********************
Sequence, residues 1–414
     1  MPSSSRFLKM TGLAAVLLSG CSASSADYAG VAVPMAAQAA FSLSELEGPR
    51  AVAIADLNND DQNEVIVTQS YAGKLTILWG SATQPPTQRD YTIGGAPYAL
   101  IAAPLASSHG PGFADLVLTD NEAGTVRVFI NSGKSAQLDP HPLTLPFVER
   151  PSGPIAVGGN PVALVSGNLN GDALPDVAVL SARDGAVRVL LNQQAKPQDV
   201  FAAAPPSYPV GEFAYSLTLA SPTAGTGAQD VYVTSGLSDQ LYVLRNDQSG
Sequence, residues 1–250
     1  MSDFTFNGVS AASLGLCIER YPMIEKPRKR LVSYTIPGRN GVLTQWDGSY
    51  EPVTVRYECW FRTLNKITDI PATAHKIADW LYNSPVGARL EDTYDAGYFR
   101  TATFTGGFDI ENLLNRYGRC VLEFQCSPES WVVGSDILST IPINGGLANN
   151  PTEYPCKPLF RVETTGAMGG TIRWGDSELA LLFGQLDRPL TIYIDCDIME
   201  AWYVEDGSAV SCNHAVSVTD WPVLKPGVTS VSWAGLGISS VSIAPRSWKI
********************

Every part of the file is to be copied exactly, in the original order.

Sequence, residues 1–414
     1  MPSSSRFLKM TGLAAVLLSG CSASSADYAG VAVPMAAQAA FSLSELEGPR
    51  AVAIADLNND DQNEVIVTQS YAGKLTILWG SATQPPTQRD YTIGGAPYAL
   101  IAAPLASSHG PGFADLVLTD NEAGTVRVFI NSGKSAQLDP HPLTLPFVER
   151  PSGPIAVGGN PVALVSGNLN GDALPDVAVL SARDGAVRVL LNQQAKPQDV
   201  FAAAPPSYPV GEFAYSLTLA SPTAGTGAQD VYVTSGLSDQ LYVLRNDQSG
Sequence, residues 1–250
     1  MSDFTFNGVS AASLGLCIER YPMIEKPRKR LVSYTIPGRN GVLTQWDGSY
    51  EPVTVRYECW FRTLNKITDI PATAHKIADW LYNSPVGARL EDTYDAGYFR
   101  TATFTGGFDI ENLLNRYGRC VLEFQCSPES WVVGSDILST IPINGGLANN
   151  PTEYPCKPLF RVETTGAMGG TIRWGDSELA LLFGQLDRPL TIYIDCDIME
   201  AWYVEDGSAV SCNHAVSVTD WPVLKPGVTS VSWAGLGISS VSIAPRSWKI